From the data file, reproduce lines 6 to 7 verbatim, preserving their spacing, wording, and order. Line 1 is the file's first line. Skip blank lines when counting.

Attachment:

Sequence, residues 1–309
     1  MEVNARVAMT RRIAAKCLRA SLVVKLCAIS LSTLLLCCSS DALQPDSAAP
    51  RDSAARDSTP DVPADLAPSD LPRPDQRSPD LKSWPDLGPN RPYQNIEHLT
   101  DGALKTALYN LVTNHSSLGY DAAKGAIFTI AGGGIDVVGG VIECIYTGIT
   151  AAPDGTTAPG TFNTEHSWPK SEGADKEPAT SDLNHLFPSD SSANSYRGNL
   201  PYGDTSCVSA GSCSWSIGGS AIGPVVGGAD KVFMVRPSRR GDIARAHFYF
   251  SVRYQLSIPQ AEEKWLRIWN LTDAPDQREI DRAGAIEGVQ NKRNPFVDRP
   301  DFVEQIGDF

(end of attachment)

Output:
   201  PYGDTSCVSA GSCSWSIGGS AIGPVVGGAD KVFMVRPSRR GDIARAHFYF
   251  SVRYQLSIPQ AEEKWLRIWN LTDAPDQREI DRAGAIEGVQ NKRNPFVDRP